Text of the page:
Chinese Calligraphy


Chinese Calligraphy, very much like painting, formed an important part of Chinese culture. It is an art of writing scripts, referring particularly to writing Chinese scripts with a writing brush. As a work of art, Chinese Calligraphy conveys the moral integrity, character, emotions, esthetic feelings and culture of the artist to readers affecting them by the power of appeal and the joy of beauty. As Chinese traditional culture spread to other part of the world, Chinese calligraphy became a unique feature of Oriental art. Recently, in the West, more and more people have discovered the unique beauty of Chinese Calligraphy, and Chinese calligraphy, with both a practical value and an aesthetic value, is considered as the most ancient and most condensed of abstract arts.

History of Chinese Calligraphy-Chinese calligraphy has a long history dated to 4000 years ago. No one can tell exactly when Chinese written language appeared. The oldest language discovered now is Jia Gu Wen. But Jia Gu Wen is a matures written language. The language discovered before it is Tao Wen. Tao Wen is a language far more from mature. Actually it's hard to be called a language. People think there should be some written languages between Tao Wen and Jia Gu Wen. But no supporting archaeological discovery appeared so far.

With a history of four to five thousand years, the art of calligraphy is rich and profound in content. Generally, there are five major styles of Chinese Calligraphy. There are as follows:

To begin with an elegant style, the Seal Character, also called Zhuan Shu in Chinese formed in Zhou Dynasty, is calligraphy of Han Character. Today, Seal Character is mostly confined to seal carving.

The second one is Official Script (Li Shu), the traditional official style mainly dominant during the Han Dynasty 206 B.C.-220 A.D. This style of Chinese Calligraphy is characterized by its flat, neat features and its refined structure.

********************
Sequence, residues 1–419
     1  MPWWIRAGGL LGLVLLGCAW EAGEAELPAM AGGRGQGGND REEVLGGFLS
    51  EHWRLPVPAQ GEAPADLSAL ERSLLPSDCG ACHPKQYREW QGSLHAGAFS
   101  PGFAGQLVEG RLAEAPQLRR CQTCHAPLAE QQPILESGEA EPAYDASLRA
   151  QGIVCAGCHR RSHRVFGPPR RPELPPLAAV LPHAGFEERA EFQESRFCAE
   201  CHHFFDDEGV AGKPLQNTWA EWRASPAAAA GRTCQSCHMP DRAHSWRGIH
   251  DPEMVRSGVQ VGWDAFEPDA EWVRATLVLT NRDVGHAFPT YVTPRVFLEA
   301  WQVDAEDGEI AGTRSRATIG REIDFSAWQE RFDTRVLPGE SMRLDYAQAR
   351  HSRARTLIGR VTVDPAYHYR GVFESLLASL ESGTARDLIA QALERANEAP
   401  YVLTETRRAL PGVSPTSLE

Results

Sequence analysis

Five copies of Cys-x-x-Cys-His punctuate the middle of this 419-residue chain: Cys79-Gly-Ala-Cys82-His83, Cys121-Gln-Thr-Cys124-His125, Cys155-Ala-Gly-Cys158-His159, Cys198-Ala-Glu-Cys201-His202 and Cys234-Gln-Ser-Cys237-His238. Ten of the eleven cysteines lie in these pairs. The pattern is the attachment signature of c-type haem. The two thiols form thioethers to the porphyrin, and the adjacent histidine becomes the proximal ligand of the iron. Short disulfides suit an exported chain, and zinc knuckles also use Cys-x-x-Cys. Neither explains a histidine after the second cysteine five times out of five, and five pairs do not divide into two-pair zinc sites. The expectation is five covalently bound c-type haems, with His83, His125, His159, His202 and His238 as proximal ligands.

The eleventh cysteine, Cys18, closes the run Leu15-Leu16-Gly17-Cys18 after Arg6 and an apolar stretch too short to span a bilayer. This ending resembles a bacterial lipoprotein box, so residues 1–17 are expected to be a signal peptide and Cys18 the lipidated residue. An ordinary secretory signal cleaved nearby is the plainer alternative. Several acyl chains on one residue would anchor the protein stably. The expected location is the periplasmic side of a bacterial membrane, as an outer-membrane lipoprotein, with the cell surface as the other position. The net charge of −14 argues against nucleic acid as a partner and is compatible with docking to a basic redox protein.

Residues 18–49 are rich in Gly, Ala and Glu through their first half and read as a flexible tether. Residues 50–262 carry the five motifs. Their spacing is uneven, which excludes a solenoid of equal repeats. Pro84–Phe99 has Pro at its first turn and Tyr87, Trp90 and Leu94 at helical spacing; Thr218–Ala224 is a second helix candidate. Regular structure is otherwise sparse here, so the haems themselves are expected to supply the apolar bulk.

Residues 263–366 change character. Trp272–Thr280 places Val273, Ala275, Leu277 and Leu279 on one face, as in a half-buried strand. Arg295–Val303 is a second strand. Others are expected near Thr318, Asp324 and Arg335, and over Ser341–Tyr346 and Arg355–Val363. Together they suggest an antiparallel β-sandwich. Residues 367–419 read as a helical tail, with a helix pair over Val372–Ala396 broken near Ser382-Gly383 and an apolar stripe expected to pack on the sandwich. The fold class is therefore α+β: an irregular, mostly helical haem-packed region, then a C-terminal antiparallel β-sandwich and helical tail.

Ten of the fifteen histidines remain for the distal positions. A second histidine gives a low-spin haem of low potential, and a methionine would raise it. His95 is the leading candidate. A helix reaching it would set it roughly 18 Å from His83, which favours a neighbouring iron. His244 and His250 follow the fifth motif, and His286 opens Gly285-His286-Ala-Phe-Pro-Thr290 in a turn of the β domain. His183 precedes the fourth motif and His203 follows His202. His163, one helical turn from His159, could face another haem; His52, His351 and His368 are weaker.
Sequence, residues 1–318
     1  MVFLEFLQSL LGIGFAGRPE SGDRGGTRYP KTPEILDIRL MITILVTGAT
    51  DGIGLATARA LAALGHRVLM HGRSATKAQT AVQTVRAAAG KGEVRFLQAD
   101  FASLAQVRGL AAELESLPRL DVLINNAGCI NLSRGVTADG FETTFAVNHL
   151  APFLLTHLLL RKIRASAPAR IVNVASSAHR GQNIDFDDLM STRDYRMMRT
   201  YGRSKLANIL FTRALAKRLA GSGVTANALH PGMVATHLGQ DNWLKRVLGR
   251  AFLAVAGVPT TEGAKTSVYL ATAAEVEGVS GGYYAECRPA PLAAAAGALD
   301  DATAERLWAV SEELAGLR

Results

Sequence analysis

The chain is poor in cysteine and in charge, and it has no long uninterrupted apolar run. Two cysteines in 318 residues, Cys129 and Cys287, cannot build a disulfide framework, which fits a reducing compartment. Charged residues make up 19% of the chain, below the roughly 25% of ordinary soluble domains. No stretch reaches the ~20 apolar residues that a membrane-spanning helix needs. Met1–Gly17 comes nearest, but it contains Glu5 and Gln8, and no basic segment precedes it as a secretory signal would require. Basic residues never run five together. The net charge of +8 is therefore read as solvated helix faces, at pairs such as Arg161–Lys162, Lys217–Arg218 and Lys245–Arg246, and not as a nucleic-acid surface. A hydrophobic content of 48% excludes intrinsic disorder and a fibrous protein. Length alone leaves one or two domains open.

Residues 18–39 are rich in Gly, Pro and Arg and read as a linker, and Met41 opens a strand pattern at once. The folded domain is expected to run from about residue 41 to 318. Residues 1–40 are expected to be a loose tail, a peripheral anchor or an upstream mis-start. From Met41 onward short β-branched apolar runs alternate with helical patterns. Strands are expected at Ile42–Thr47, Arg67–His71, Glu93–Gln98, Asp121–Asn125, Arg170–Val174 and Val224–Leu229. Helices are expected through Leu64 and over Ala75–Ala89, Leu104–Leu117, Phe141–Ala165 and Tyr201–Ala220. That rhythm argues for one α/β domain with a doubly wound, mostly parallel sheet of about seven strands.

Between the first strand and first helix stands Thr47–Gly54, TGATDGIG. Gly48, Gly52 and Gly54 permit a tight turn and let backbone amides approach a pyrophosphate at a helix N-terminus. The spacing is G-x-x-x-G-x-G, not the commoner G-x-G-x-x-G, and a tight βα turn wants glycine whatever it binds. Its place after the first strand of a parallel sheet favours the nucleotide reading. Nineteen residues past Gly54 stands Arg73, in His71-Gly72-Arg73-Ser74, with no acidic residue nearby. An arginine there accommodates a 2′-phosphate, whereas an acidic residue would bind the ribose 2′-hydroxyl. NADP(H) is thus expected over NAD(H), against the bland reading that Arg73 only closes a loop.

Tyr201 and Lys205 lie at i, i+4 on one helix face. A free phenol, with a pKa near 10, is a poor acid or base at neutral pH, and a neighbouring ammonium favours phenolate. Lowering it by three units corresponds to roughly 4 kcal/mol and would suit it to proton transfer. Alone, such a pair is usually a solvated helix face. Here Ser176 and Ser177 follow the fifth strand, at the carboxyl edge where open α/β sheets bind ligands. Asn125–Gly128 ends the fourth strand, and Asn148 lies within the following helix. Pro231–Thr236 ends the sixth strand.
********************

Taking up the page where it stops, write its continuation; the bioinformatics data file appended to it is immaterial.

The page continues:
The third one is Formal Script (Kai Shu), the most common form for printing which is also considered to be the standard form of writing Chinese. Formal Script evolved from a solid foundation of Seal Character. For its features of neatness and orderliness, Formal Script is still commonly used today.

The fourth one is Running Script (Xing Shu), the most commonly used form of hand writing also known “running style”. It is the cursive form of Formal Script but less compact.

Finally, the fifth one is Cursive Hand (Cao Shu), the Chinese cursive style, mostly used by calligraphers for highly abstract works but also seen in everyday use.

Besides the five major styles, there are also two earlier styles no more in common use and not originally executed by brush, namely, the Jia Guwen or "oracle bone script" and the Jin Wen which were engraved on bones, shells and bronze, sometimes categorized under Zhuan Shu or Seal Character.

Chinese Calligraphy has introduced the idea of visual abstraction and spontaneous expression to the world of Chinese traditional art in a very early stage of development. As it develops, Chinese Calligraphy has been attracting much attention of many great modern Western artists who came under its influence and charm.


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